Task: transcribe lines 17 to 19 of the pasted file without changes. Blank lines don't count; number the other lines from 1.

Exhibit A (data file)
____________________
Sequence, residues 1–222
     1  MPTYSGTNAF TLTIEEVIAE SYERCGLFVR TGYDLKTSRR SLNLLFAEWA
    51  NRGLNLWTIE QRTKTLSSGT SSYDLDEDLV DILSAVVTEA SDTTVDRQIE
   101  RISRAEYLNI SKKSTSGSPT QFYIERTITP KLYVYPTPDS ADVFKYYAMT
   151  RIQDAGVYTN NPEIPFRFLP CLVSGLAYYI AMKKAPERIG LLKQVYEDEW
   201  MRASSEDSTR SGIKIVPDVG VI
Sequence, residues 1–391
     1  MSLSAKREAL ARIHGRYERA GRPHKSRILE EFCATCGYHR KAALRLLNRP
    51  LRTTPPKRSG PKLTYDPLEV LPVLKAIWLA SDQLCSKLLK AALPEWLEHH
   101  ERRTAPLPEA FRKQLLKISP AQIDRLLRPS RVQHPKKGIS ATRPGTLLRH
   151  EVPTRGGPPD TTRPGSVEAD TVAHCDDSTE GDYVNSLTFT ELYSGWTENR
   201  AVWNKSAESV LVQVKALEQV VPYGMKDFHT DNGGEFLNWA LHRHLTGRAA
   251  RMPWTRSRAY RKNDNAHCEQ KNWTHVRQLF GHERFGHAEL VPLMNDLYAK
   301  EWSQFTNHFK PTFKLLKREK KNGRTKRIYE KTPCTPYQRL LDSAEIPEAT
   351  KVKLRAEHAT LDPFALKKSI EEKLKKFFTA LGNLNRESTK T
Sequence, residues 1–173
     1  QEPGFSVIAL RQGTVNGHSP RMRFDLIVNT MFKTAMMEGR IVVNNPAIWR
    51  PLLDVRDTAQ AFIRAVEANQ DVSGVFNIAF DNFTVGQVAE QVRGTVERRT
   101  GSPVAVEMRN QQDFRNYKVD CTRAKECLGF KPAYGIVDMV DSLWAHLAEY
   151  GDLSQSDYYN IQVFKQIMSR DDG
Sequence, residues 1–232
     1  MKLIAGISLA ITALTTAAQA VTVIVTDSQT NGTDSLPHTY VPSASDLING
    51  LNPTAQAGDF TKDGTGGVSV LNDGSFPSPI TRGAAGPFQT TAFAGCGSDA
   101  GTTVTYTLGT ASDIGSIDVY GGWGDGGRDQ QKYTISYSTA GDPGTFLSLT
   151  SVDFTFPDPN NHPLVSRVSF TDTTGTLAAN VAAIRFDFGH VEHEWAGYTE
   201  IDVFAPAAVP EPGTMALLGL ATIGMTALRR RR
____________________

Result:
     1  QEPGFSVIAL RQGTVNGHSP RMRFDLIVNT MFKTAMMEGR IVVNNPAIWR
    51  PLLDVRDTAQ AFIRAVEANQ DVSGVFNIAF DNFTVGQVAE QVRGTVERRT
   101  GSPVAVEMRN QQDFRNYKVD CTRAKECLGF KPAYGIVDMV DSLWAHLAEY